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Moutia J.-F.Y.,Mauritius Sugar Industry Research Institute | Saumtally S.,Mauritius Sugar Industry Research Institute
Plant and Soil | Year: 2010

Azospirillum influences growth and development of several crops by producing phytohormones such as auxins which have a major impact on root development. An improved root system leads to better water and nutrient uptake that in turn may influence yield positively. In this study, two agronomically contrasting sugarcane cvs R 570 and M 1176/77 adapted to different agroclimatic zones were inoculated with Azospirillum sp., with and without drought stress, to gauge how far they could benefit from this bacterial association. As early as 103 days after planting, cv M 1176/77 responded positively to inoculation with 15% improved growth (shoot height) and 75% more root dry mass when subjected to drought stress, whereas cv R 570 responded negatively particularly in the absence of drought stress. The significant interaction of cultivar x water regime x Azospirillum inoculation suggests a complex interplay of these factors, possibly involving the indigenous plant auxin pool. Therefore, plant genotype needs to be taken into account when recommending bacterial inoculation for direct plant growth promotion. Furthermore, enhanced growth under sub-optimal water conditions shows clearly the benefits that could be obtained in semi-arid conditions where water deficits frequently occur. © 2010 Springer Science+Business Media B.V.


Van Der Plas G.W.,University of Amsterdam | De Boer E.J.,University of Amsterdam | Hooghiemstra H.,University of Amsterdam | Vincent Florens F.B.,University of Mauritius | And 3 more authors.
Journal of Quaternary Science | Year: 2012

A 10m long peat core from the Kanaka Crater (20° 25′ S, 57° 31′ E), located at 560m elevation in Mauritius, was analyzed for microfossils. Eight radiocarbon ages show the pollen record reflects environmental and climatic change of the last ca. 38calka BP. The record shows that the island was continuously covered by forest with Erica heath (Philippia) in the uplands. Cyperaceous reedswamp with Pandanus trees was abundant in the coastal lowlands as well as locally in the waterlogged crater. The record shows changes in climatic humidity (wet from 38.0 to 22.7calka BP, drier from 22.7 to 10.6calka BP, and wetter again from 10.6calka BP to recent) as the main response to climate change. A high turnover in montane forest species is evidenced at 22.7calka BP and at the start of the Holocene. The limited altitudinal ranges in the mountains of Mauritius (maximum altitude 828m), and changing humidity being more important than changing temperature, suggests that in response to climate change a reassortment in taxonomic composition of montane forests might be equally important as displacement of forest types to new altitudinal intervals. We found weak impact of the latitudinal migration of the Intertropical Convergence Zone and data suggest that the Indian Ocean Dipole is a more important driver for climatic change in the southwest Indian Ocean. © 2011 John Wiley & Sons, Ltd.


Pynee K.,Mauritius Sugar Industry Research Institute | Hennequin S.,University Pierre and Marie Curie | Echternacht L.,University Pierre and Marie Curie | Echternacht L.,University of Sao Paulo | Dubuisson J.-Y.,University Pierre and Marie Curie
Phytotaxa | Year: 2012

Crepidomanes minutum (Hymenophyllaceae) is here identified and recorded from Mauritius for the first time. The Mauritian specimens, in addition to those of La Réunion observed at low to middle elevations, are easily distinguished from populations observed outside the Mascarene Archipelago by their dwarfed size and rarity of the stipe proliferation that usually characterizes this species. We thus describe a new variety in this species for the Mascarene Islands. © 2012 Magnolia Press.


Santchurn D.,Mauritius Sugar Industry Research Institute | Ramdoyal K.,Mauritius Sugar Industry Research Institute | Badaloo M.G.H.,Mauritius Sugar Industry Research Institute | Labuschagne M.,University of the Free State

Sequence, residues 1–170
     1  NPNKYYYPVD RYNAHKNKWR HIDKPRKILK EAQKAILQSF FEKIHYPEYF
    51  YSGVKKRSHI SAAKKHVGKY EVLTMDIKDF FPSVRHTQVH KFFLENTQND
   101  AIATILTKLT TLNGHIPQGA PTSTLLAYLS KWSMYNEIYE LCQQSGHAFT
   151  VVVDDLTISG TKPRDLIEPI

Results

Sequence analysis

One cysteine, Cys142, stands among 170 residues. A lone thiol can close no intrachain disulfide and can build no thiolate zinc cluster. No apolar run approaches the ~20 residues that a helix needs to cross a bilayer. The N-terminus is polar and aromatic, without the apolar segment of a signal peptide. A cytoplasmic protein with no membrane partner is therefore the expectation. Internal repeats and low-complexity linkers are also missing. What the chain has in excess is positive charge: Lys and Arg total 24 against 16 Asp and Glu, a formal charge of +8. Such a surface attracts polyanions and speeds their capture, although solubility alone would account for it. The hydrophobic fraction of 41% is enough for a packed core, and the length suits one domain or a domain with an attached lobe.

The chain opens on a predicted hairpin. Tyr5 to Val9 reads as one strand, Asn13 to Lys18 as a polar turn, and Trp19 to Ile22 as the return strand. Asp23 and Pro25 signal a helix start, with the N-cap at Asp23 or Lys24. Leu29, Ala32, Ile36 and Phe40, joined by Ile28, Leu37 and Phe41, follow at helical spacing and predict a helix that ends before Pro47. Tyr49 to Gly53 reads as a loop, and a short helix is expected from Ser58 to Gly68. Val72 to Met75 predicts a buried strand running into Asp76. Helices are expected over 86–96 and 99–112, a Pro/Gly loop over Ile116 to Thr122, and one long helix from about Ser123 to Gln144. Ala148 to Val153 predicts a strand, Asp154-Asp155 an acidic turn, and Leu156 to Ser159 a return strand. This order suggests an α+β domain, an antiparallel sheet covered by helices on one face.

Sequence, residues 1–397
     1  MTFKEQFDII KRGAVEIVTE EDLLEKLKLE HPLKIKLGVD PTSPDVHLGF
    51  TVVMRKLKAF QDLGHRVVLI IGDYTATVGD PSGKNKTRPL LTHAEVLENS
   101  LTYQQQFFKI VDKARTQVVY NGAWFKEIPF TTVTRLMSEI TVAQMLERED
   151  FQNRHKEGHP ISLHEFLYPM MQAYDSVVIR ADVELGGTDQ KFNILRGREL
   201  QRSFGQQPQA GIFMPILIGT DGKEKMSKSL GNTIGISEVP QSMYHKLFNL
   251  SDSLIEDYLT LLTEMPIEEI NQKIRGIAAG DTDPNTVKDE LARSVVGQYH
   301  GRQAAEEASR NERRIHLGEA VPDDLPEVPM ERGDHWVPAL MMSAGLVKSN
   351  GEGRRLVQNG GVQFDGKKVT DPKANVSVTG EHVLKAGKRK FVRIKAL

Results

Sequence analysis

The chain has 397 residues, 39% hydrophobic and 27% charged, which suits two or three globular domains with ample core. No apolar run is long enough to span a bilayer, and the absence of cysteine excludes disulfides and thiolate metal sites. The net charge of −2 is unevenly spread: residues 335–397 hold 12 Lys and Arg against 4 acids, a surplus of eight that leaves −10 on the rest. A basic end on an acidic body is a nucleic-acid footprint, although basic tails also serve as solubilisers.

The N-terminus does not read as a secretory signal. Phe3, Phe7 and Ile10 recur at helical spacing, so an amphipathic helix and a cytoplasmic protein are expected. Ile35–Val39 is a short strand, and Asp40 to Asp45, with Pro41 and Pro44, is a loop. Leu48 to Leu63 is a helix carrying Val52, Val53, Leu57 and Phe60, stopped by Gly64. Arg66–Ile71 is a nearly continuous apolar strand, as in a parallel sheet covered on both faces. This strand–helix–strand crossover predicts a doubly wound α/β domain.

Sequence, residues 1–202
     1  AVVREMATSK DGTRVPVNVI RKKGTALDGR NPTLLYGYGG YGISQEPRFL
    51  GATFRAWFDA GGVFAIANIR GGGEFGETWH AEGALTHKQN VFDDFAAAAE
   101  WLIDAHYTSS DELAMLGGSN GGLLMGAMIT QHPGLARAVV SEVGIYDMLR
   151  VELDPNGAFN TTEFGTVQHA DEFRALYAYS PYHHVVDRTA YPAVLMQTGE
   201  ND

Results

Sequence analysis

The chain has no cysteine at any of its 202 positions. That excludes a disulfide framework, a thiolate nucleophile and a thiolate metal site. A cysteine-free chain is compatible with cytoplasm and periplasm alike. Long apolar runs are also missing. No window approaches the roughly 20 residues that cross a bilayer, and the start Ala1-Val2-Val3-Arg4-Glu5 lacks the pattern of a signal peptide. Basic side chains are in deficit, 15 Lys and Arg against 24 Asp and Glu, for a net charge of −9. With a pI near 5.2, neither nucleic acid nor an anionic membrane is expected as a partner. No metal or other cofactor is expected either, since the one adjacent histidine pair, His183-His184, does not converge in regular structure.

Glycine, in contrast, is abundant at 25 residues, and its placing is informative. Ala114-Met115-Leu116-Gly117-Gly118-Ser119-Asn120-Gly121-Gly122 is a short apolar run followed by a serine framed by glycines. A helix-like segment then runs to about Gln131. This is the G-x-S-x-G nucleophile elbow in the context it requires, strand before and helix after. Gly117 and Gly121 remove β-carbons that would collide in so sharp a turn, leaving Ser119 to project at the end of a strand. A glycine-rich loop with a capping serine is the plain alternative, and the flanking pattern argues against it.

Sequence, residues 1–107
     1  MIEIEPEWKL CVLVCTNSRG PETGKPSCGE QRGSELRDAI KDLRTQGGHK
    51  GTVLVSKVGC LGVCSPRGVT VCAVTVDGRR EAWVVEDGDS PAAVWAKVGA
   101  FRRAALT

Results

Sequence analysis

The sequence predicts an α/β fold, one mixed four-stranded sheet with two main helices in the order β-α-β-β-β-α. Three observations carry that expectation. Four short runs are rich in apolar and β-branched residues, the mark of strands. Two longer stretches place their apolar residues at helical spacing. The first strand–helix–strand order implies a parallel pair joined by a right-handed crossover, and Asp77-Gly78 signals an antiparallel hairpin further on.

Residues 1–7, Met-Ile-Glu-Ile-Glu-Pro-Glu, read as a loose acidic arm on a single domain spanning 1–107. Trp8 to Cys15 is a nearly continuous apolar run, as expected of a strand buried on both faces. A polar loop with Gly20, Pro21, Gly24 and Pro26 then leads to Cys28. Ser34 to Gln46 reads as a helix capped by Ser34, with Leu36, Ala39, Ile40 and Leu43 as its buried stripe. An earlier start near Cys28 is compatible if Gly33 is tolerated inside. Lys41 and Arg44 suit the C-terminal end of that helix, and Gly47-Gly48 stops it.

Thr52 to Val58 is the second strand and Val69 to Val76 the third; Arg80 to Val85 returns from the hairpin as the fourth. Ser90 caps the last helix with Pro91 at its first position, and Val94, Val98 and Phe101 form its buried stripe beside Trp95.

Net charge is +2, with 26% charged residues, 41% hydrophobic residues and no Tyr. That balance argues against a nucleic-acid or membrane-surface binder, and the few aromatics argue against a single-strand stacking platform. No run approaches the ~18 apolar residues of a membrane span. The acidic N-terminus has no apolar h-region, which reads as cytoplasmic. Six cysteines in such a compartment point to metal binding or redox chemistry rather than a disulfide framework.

Euphytica | Year: 2012

Apart from sugar production, the sugarcane plant is now viewed as a high value lowcost feedstock for renewable energy. However, in depth studies on the biomass potential of the crop are relatively new and current varieties have not been optimised to achieve the required high biomass yield for different end-uses. The objective of this study was to examine the possibility of using multivariate data analysis (MVDA) techniques in the selection of different types of high biomass canes. Sixty genotypes of different generations of crosses were evaluated for 18 inter-related traits. Principal component analysis compressed the different characters into five major principal components (PCs). The first two explained 77 % of total variation. PC1 emphasised on the cane quality traits while PC2 stressed on biomass characteristics. The biplot with the two PCs was very helpful in visualising the existing variations in the population. Cluster analysis defined six major groups in the population. Candidates from three of them were found suitable for commercial exploitation, for either sugar, fibre, or both as the main end-products. The MVDA techniques were thus found to be very effective in assessing the extent of genetic divergence between genotypes in the population and in the selection of different types of high biomass canes for multipurpose use. It was also clear that sucrose content was positively associated with cane diameter while high fibre varieties tended to be thinner and taller than the traditional commercial varieties. © 2012 Springer Science+Business Media B.V.


Hoi L.W.S.,University of KwaZulu - Natal | Hoi L.W.S.,Mauritius Sugar Industry Research Institute | Martincigh B.S.,University of KwaZulu - Natal
International Sugar Journal | Year: 2012

The quality of sugar cane received at Mauritian sugar factories has deteriorated significantly because of increased amounts of extraneous matter delivered in the cane supply. This leads to poorer juice quality and sucrose losses. In this work controlled addition of extraneous matter to clean cane was effected under laboratory conditions to determine the relative impact of dry and green cane leaves and cane tops on the quality of cane and the resulting juice, and to predict their impact on cane processing. Dry leaves produced the most adverse effect on sugar recovery, boiling house recovery and overall recovery. One unit of dry leaves increased fibre % cane, mass of bagasse % cane and sucrose loss in bagasse % cane and in molasses % cane by 0.57, 1.17, 0.030 and 0.011 units respectively, and decreased sugar recovery by 0.23 units. Cane tops increased the amount of fructose and glucose in mixed juice which reduced the Clerget purity of molasses. However, this increased the mass of molasses % cane, which resulted in a much higher sucrose loss in molasses than would have been produced by the same amount of dry leaves. The ill-effect of green leaves was found to be intermediate between that of dry leaves and cane tops.